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El Salvador Earthquake

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The death toll from Friday’s earthquake in India is at tens of thousands and mounting. It is too early to determinethe extent that corruption, substandard housing and lack of official planning played in inflating the death toll. Butin the quake that hit El Salvador two weeks ago, the role of the government in exacerbating the disaster has becomeclear.

“Thousands of those who died … were not killed by an act of God–they were killed by acts of humankind, ” wroteDaniel Faber and Jacob Goldstein. “A long history of development built on economic inequalities and disregard forlocal ecosystems had created a landscape on the brink of disaster.”

The writers were referring to Hurricane Mitch which ravaged Central America in 1998, but the same dynamic was in playduring the recent earthquake that devastated El Salvador and parts of Guatemala.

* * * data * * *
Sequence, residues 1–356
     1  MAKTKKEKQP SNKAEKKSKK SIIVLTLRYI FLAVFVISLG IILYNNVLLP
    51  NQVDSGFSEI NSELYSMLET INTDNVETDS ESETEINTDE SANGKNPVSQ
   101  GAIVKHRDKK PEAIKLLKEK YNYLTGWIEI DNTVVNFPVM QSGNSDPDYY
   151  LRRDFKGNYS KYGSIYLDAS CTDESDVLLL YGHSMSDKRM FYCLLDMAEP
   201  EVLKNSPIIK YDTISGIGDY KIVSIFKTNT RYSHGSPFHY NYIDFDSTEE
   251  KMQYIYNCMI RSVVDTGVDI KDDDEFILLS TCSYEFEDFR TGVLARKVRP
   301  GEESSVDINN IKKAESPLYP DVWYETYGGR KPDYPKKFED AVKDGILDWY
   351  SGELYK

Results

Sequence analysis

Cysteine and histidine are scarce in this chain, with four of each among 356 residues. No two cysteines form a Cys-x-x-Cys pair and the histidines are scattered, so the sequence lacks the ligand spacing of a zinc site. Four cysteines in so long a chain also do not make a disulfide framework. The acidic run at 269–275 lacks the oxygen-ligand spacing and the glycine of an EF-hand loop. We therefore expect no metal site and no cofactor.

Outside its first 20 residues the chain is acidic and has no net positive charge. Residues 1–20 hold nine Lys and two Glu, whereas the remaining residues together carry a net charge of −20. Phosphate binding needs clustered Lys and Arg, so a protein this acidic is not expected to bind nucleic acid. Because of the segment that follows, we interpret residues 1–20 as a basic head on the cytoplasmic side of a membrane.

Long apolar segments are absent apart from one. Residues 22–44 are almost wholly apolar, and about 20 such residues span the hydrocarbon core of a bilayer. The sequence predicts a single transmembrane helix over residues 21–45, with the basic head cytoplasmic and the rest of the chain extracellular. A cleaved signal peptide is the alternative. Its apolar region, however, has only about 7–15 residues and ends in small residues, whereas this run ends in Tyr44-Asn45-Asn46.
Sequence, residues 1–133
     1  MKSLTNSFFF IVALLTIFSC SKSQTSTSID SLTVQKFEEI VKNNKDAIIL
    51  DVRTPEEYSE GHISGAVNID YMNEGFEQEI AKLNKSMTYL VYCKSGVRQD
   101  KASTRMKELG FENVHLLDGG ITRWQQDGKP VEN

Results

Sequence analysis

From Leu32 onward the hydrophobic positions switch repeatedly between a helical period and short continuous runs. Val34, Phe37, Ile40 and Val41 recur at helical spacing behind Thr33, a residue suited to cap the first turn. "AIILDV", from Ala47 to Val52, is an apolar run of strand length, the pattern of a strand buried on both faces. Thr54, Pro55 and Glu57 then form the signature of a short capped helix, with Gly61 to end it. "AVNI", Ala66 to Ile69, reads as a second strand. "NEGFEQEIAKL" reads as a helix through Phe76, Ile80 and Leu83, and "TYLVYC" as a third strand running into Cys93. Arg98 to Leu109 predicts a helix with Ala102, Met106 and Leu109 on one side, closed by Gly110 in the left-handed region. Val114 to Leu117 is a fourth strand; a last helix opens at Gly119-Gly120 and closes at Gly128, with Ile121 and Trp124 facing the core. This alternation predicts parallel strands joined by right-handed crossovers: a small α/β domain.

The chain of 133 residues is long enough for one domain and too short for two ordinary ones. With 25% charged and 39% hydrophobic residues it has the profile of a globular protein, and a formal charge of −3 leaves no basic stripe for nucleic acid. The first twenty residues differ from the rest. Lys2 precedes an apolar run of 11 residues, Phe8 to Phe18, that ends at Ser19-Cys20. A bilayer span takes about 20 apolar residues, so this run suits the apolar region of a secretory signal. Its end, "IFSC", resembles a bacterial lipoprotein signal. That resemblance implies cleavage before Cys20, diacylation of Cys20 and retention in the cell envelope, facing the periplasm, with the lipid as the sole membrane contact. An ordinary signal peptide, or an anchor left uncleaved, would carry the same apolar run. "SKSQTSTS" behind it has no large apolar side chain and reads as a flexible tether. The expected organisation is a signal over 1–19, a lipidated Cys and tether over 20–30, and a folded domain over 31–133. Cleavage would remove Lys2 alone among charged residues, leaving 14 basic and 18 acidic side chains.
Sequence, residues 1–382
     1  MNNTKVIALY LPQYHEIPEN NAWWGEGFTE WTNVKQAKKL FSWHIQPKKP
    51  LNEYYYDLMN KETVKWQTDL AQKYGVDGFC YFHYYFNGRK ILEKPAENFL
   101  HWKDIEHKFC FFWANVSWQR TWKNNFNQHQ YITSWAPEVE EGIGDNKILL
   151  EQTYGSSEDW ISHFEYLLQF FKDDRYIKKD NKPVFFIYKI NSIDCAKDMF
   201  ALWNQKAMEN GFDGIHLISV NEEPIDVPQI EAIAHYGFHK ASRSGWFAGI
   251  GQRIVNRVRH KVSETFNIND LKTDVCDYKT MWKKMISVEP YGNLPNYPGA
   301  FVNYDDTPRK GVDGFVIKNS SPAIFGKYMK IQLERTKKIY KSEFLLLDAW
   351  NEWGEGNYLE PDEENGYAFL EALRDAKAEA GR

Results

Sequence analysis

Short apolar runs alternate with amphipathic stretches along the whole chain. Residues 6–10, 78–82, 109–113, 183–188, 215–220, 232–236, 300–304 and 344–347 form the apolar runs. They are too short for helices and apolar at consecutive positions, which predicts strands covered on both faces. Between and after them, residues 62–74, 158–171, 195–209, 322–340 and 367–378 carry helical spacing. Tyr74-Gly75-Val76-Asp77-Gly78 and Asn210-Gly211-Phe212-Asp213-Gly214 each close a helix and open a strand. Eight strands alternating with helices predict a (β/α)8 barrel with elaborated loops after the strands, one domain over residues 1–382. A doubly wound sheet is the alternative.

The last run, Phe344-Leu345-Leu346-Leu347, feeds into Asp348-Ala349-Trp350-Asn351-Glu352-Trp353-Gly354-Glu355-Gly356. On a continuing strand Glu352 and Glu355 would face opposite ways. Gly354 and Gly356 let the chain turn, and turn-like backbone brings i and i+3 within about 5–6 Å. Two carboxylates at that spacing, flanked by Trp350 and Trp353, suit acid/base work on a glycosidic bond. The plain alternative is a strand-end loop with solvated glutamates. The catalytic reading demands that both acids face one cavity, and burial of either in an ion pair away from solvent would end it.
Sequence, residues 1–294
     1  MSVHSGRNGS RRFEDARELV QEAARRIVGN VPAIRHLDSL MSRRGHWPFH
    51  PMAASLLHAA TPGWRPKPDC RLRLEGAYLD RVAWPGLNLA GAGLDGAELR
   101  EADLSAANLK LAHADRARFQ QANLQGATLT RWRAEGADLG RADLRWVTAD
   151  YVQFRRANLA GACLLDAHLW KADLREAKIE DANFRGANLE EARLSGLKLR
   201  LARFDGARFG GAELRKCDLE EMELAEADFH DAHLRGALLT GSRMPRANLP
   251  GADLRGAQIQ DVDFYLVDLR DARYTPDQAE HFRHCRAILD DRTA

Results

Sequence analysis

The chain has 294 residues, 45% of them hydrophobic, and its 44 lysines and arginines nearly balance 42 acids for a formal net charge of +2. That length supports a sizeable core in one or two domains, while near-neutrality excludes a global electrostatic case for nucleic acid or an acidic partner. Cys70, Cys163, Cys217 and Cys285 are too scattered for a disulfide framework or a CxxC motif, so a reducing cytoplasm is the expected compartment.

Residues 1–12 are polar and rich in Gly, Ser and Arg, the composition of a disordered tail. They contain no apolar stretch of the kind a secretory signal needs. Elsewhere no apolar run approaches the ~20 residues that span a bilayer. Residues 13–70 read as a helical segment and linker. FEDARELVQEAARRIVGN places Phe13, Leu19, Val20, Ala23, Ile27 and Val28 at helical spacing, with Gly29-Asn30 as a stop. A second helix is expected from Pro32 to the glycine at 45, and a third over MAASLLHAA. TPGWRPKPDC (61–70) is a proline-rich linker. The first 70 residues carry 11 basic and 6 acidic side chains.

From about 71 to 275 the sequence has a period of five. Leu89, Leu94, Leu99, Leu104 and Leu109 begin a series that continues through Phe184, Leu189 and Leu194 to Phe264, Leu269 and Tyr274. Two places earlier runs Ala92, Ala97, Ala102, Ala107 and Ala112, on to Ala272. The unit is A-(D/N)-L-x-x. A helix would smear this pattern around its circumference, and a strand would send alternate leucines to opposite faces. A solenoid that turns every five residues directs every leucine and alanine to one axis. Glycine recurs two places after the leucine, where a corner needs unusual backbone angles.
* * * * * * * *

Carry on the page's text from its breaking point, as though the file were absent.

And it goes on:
From the Florida Keys, to the flood plains of Bangladesh; from the coast of Venezuela, to the mountainsidedevelopments in Central America, intense construction in known risk areas, sometimes coupled with heavydeforestation, make disaster inevitable.

And as in the Salvadoran earthquake, corruption is an important culprit in the human suffering. Since 1994, oneSalvadoran environmental group, the Center for Appropriate Technology, had filed numerous cases before many differentgovernmental entities to stop the deforestation and construction of homes on one of the areas worst hit by theearthquake. Ricardo Navaro, the head of that organization is with us from San Salvador and Daniel Faber joins us fromMassachusetts.

Guests:

  • Ricardo Navarro, director of Center for Appropriate Technology and chair of Friends of the EarthInternational.
  • Daniel Faber

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